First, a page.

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Which one is more effective against Covid-19, soap or sanitiser?

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On December 31st 2019, 27 cases of pneumonia with unknown causes were reported to the World Health Organization and they were first identified in Wuhan city China. On 7th January the causative agent was identified from a throat swab, followed by the first death on January 11th the year after. The condition became too overwhelming that it started to cross borders, nations, continents at a rate no one has ever seen. On January 30th, the WHO officially announced COVID-19 as a global health emergency. And since then, people have been persistently advocated to wash their hands, practice social distancing, avoid mass gatherings, and so on and so forth. In the rapidity of the news propagation, some things remain unclear or raise more questions among the public.

Which is more effective against Covid-19, washing hands with soap, or using hand sanitiser?

According to the Centers for Disease Control and Prevention (CDC), it is recommended to wash hands with soap and water for 20 seconds whenever possible because by doing so, we are reducing all types of germs and chemicals on our hands. But soap and water may not always be available to us, so the next line of defence is using a hand sanitiser with at least 60% alcohol content to effectively eliminate the viruses and germs present on our hands. Quick recap, water and soap is more effective against Covid-19, but if you don’t have the access, use an alcohol-based sanitizer.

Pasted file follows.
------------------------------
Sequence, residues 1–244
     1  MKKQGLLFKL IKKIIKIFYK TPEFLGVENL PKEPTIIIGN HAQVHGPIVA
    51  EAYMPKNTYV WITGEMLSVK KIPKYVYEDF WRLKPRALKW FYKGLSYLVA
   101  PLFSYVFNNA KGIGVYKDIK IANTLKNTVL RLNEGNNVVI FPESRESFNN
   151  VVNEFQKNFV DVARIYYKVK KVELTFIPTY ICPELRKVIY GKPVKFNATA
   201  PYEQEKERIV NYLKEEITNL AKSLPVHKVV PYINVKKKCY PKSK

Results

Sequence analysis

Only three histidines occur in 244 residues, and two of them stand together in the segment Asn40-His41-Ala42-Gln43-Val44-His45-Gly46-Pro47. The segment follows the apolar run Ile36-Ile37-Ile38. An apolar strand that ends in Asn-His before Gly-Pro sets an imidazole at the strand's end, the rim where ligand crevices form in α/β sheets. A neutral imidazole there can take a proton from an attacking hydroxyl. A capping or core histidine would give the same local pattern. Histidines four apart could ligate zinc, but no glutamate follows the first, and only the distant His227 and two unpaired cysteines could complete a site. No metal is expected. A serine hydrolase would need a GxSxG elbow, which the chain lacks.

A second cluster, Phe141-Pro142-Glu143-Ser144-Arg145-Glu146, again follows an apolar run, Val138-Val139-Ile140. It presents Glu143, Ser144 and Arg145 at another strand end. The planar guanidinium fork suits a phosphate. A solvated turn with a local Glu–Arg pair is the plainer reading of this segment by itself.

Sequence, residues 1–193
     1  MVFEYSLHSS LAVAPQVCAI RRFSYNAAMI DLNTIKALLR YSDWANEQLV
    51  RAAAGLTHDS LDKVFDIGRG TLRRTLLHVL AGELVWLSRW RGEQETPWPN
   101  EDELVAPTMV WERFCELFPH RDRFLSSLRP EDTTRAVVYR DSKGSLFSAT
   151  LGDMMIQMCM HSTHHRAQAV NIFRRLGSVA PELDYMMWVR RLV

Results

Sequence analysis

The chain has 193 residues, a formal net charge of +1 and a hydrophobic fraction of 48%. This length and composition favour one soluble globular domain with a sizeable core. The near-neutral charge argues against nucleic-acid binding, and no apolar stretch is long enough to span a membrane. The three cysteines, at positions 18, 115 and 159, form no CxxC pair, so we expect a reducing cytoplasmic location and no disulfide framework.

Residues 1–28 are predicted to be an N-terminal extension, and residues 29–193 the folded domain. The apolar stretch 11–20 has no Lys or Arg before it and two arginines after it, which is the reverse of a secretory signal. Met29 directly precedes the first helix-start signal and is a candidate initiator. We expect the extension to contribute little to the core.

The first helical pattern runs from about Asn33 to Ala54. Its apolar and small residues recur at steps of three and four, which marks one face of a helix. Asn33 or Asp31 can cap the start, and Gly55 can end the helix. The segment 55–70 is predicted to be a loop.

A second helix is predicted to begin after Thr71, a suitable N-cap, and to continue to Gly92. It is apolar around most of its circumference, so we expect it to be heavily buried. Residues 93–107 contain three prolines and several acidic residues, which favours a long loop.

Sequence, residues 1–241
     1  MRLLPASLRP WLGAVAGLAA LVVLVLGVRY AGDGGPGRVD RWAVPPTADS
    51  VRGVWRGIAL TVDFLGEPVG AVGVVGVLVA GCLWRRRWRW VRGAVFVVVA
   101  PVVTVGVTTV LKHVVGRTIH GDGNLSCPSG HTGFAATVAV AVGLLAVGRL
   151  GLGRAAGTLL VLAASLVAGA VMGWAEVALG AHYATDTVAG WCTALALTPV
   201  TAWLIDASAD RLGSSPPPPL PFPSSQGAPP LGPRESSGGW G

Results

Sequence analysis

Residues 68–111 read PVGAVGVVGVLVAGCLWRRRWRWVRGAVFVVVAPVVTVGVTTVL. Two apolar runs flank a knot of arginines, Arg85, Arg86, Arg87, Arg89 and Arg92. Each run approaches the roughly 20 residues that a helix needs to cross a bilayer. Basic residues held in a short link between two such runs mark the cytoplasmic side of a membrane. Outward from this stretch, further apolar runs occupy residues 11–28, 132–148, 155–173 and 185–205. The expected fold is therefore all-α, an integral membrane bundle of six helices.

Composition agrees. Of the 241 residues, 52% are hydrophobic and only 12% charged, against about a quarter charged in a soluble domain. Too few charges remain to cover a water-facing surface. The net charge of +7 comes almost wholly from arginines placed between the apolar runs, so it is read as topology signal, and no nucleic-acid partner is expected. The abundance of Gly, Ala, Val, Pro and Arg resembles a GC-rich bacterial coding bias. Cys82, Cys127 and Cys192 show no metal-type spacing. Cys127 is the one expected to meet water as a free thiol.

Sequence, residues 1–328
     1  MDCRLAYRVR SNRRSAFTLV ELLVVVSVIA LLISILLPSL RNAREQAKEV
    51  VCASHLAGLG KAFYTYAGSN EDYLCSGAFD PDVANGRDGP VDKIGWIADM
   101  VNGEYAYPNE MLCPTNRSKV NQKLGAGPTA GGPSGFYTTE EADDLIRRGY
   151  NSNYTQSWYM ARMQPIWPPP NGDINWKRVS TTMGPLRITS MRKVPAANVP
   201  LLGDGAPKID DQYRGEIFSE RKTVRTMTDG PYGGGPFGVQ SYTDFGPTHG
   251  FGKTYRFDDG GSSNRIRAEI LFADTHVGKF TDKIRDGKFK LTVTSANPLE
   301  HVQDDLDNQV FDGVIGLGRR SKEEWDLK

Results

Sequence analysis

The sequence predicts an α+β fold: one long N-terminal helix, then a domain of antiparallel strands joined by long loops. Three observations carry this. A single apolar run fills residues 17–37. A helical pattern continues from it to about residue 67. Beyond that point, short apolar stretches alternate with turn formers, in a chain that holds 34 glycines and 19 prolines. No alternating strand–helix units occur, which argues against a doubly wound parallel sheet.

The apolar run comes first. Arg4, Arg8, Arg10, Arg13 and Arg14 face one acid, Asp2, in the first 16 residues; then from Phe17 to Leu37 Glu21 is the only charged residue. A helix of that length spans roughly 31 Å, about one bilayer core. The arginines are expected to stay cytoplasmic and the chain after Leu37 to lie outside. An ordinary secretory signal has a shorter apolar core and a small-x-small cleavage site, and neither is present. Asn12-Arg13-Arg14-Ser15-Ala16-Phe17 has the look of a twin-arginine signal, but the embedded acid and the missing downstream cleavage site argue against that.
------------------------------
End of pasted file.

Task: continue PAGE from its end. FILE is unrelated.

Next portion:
To understand why we need to look into the science of Covid-19 and how soap works. Covid-19, a type of coronavirus is made up of a fatty layer that surrounds its contents. Much like oil, the virus easily sticks and clings to the surface of our hands. Soaps of any type have the potential to separate fat molecules and dissolve them in water. What it does to the virus, it literally rips it apart, disintegrating its structure, releasing its contents and washes them away with the water. But, this process takes time, 20 seconds to be precise. Otherwise, the virus will still be present on the creases of our hands and ready to infect us or other people.

Alcohol works in the same way. It gains access to the virus’ fat layer and disintegrates it. But for many reasons, they aren’t always effective. Firstly, we need to use at least a teaspoonful of it for adequate effect, some people would be too reserved to apply the sufficient amount. Secondly, people would wipe them off before they are completely dry, reducing the effectiveness altogether. And thirdly, alcohol sanitizers won’t work on our hands that are too greasy or dirty. This is especially true if we are handling food, dirty items and perhaps gardening, our hands will be so full of dirt and oil that it hinders the alcohol from acting on bacteria and viruses present on our hands.

Going beyond Covid-19, sanitisers may not be too effective in removing harmful chemicals and certain resistant bacteria and viruses, namely, Cryptosporidium, norovirus, and Clostridium difficile. These germs will likely still be present unless people use a large enough volume of alcohol sanitiser and to wait long enough until it has completely dried off.

We are living in unprecedented times and the technological advancement that we were so proud of before are no match at combatting a global-scale pandemic. There are still no proven antidotes or vaccines that can fight Covid-19, ergo, the responsibility of not spreading the virus falls upon each and every one of us. But there are COVID -19 testing kits. Follow adamantly the instructions of the authorities, and play a part in the fight against Covid-19.

Sheri gill

The author Sheri gill